Please ensure Javascript is enabled for purposes of website accessibility

Can Foreign Investors Buy U.S. Mutual Funds?

By Motley Fool Staff – Updated Nov 1, 2016 at 12:38PM

You’re reading a free article with opinions that may differ from The Motley Fool’s Premium Investing Services. Become a Motley Fool member today to get instant access to our top analyst recommendations, in-depth research, investing resources, and more. Learn More

Just because something is legal doesn't mean financial institutions will let you do it.

U.S. securities laws don't put prohibitions on investments by foreign investors, according the same protections that U.S. citizens get. However, from a practical standpoint, many companies that sell proprietary mutual funds to investors have internal restrictions preventing investors who can't provide a U.S. address from investing. In order to buy funds and other investments, foreign investors can use some alternatives to direct investment if they're available.

(By the way -- if you're interested in beginning your investing journey, hop on over for some great deals on brokerage accounts.)

Securities laws and foreign investors
The primary issue with foreign investors and mutual funds involves the interplay of securities laws in different countries. For investors who reside in the U.S., mutual fund companies feel comfortable relying on U.S. securities laws regardless of the nationality of the investor. For foreign investors who have U.S. addresses and want to buy mutual funds, many fund companies will require only that the investor also supply IRS Form W-8BEN, which certifies the foreign status of the beneficial owner of the mutual fund account.

When an investor resides abroad, however, mutual fund companies are less comfortable with the potential application of foreign securities laws. In fact, major fund companies restrict sales even to investors who are U.S. citizens but whose only address is abroad, citing concerns about whether the foreign jurisdiction would deem them to be doing business in that country and potentially raise compliance issues.

Alternatives for foreign investors
Fortunately, there are some other ways for foreign investors to invest in mutual funds. Often, mutual funds are available through brokerage accounts. If the broker is comfortable working with a foreign investor, then purchases through the account won't trigger issues with the mutual fund company.

The other alternative is that foreign investors can work with financial institutions in their home countries to gain access to mutual fund investments. Especially in countries that have close economic ties with the U.S., you can generally find financial institutions that can facilitate foreign investment.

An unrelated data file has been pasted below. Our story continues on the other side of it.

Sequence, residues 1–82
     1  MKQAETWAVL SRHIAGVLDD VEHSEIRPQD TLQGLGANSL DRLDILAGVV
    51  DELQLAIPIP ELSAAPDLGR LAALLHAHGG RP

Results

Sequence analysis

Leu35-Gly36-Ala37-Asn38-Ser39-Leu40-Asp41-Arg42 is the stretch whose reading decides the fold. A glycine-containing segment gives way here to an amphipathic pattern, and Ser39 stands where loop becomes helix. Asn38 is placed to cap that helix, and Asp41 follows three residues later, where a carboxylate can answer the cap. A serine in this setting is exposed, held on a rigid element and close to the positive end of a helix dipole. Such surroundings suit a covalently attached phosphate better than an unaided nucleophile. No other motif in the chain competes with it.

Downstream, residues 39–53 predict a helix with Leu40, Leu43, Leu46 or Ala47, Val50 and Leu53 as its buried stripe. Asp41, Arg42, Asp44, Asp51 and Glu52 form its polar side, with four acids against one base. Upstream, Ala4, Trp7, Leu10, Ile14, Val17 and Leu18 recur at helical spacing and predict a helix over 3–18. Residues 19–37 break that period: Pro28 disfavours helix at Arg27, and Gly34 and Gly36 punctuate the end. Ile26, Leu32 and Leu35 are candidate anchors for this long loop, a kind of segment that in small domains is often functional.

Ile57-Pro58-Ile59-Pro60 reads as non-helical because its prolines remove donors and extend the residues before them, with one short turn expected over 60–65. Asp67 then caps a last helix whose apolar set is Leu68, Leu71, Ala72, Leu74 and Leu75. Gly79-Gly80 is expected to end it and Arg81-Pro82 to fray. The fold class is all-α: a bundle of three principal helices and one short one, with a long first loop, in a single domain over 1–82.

The financial industry is full of rules and regulations that lead institutions not to allow customers to do things that are technically legal. Inviting foreign investors to buy U.S. mutual funds is one of those areas in which competing regulation leads to cautious behavior from mutual fund companies. If you're diligent, though, you can usually find ways to invest in the funds you want.

This article is part of The Motley Fool's Knowledge Center, which was created based on the collected wisdom of a fantastic community of investors. We'd love to hear your questions, thoughts, and opinions on the Knowledge Center in general or this page in particular. Your input will help us help the world invest, better! Email us at [email protected]. Thanks -- and Fool on!

Try any of our Foolish newsletter services free for 30 days. We Fools may not all hold the same opinions, but we all believe that considering a diverse range of insights makes us better investors. The Motley Fool has a disclosure policy.

Invest Smarter with The Motley Fool

Join Over 1 Million Premium Members Receiving…

  • New Stock Picks Each Month
  • Detailed Analysis of Companies
  • Model Portfolios
  • Live Streaming During Market Hours
  • And Much More
Get Started Now


Motley Fool Returns

Motley Fool Stock Advisor

Market-beating stocks from our award-winning analyst team.

Stock Advisor Returns
S&P 500 Returns

Calculated by average return of all stock recommendations since inception of the Stock Advisor service in February of 2002. Returns as of 09/27/2022.

Discounted offers are only available to new members. Stock Advisor list price is $199 per year.

Premium Investing Services

Invest better with The Motley Fool. Get stock recommendations, portfolio guidance, and more from The Motley Fool's premium services.